Ten Years Later
Dubbed Bread, Social Justice, and Freedom: the Arab Spring was a culmination of long-standing anger against bad governance across the region. The spark that ignited the keg happened on December 17, 2010, just one month after the self-immolation of Khalid Said in Egypt who was under the custody of the police. The uprising exploded in different parts of the region and turned into relatively peaceful protests that chased out 30-42 long-time rulers from Tunisia, Egypt, and Yemen. Some rulers were luckier and managed to escape soon enough to keep their lives, while others like Ghaddafi in Libya got lynched by protesters.
The revolution was relatively successful in Tunisia, while in Egypt and Bahrain the uprising relapsed back to square one, in Yemen and Syria, it tragically degenerated into protracted bloody civil wars raging even to this day, causing the loss of hundreds of thousands of lives.
Now, ten years after these events, we find ourselves wandering: is there a reason to celebrate? Some people say yes, because they believe that the citizens of their own countries are no longer afraid to speak out about civic, social, and sexual freedoms. Other people disagree, arguing that the hopes of the Arab Spring have been dashed.
Below are some of the reflections from the region. Abdullah Alsmaeel from Syria, Suaad Alsalahi from Yemen, Rasha Abdel Wahab from Egypt and Khalid Albaih from Sudan share their thoughts about the meaning of the Arab revolutions and the future prospective for their home countries.
Photo by Gianluigi Guercia/AFP/Getty Ima 1
Our crime is believing in freedom
By Abdullah Alsmaeel
Ten years ago, we participated to the peaceful civilian demonstrations that took place at the beginning of the Syrian revolution, inspired by the Arabic Spring. Our aim in Syria was to restore dignity and freedom for the people of the region. We did it, knowing well that we were putting our lives at risk. Our dream of obtaining freedom and defeating dictatorship gave us enough courage to stand in the face of one of the bloodiest and most oppressive regimes of modern times. As a result, we were forced out of the country. Our sole crime was our passion for freedom, democracy, and social justice.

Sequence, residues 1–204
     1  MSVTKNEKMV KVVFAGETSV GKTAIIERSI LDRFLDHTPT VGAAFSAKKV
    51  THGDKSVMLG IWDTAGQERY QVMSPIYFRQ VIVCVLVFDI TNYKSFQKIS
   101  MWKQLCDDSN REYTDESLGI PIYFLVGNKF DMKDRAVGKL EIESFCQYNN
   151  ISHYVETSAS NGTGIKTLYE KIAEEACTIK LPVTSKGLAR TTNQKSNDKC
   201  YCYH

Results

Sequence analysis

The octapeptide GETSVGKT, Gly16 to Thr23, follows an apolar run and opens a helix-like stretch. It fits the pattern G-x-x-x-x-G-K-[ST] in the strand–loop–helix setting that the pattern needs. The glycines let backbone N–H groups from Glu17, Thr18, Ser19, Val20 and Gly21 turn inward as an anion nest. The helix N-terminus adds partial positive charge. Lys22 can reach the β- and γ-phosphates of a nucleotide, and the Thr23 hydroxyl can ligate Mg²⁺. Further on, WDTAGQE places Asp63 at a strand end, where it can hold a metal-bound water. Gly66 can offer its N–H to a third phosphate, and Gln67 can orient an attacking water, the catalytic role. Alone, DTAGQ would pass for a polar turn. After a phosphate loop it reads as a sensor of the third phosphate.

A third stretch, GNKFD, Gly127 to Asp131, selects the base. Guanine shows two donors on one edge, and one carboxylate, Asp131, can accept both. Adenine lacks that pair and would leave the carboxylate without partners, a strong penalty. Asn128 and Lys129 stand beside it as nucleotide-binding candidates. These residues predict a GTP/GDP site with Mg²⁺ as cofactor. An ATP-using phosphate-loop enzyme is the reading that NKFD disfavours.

Today, the civil activists who have fled, find themselves surrounded by huge challenges.
We are learning to be equipped with skills which enable us to communicate with the international community regarding issues of forced migration, opposition to dictatorships, support to causes of equality, social justice, and democracy in our home countries. All that, with the aim to create pressure and provide a voice to our people to finally see our dream come true. We believe that change will take time and that our movement is a work in progress. As the Syrian playwright, Saadallah Wannous said: “We are condemned to hope”.
Arab Autumn in Yemen
By Suaad Alsalahi
We pinned great hopes on the Arab Spring revolutions. In Yemen we carried ambitions and intentions to change the regime that had ruled for 33 years, along with its errors, corruption, and grievances. What we longed for was finally achieved in 2011 with the departure of President Ali Abdullah Saleh, through a political settlement initiative sponsored by the Arab Gulf states.
After that, all our hopes and aspirations were nothing but dispersed. We witnessed only devastation, destruction and corruption that inevitably led to a relentless war, which has been striking us since 2015. The Yemeni Spring has become a nightmare haunting us, with the state institutions collapsing, trapped in chaos, sectarianism, wars, terrorism, poverty and with the population turning into hungry, homeless, and displaced refugees. Hatred and revenge have accumulated so much ever since, that we are now besieged within our own borders.
I ask myself if we will celebrate the anniversary of the Arab Spring since in Yemen it has turned into a cold autumn.
There is much to celebrate on the 10th anniversary of the Arab Spring
By Rasha Abdel Wahab
Looking back at the past 10 years, I reckon that for the Egyptians it has been a bumpy ride.
First, Mubarak got thrown off the power but then the Muslim Brotherhood took over. At that point, we all wondered whether Egypt would have become a new Algeria, stroke by civil wars, or a closed country, much like Iran.
I honestly believe that many people, including myself, insisted on getting rid of the Muslim Brotherhood for the country’s own sake, despite the world might criticize us as undemocratic.
As I live most of the time here in Egypt, I can see how the country is building impressive infrastructures, improving healthcare, promoting start-ups and export and developing the education system. Although we have not seen the fruits of these initiatives yet, we can feel the development of the process.
I believe that the country is going in the right direction, although we all need to focus to create a stronger Egypt, with a stable economy, reasonable education system and good healthcare.
Nevertheless, there is still a lot to be done and I can’t say to be totally satisfied about Egypt right now. Without any doubt, the Arab revolution was an important step for us, but we still have a long way to make the dreams we shared in 2011 finally come true. We demonstrated for freedom, equality, and a decent livelihood ten years ago, and we still have not achieved it. Now we have something more important – that is stability, developing countryside, safety at night. Egypt will have to undertake a long journey in order to become a democracy in all and for all, and for this we will need more educated people that are able to understand the guidelines of a democracy and the difference between chaos and freedom.
The Arab Spring wind of change is still blowing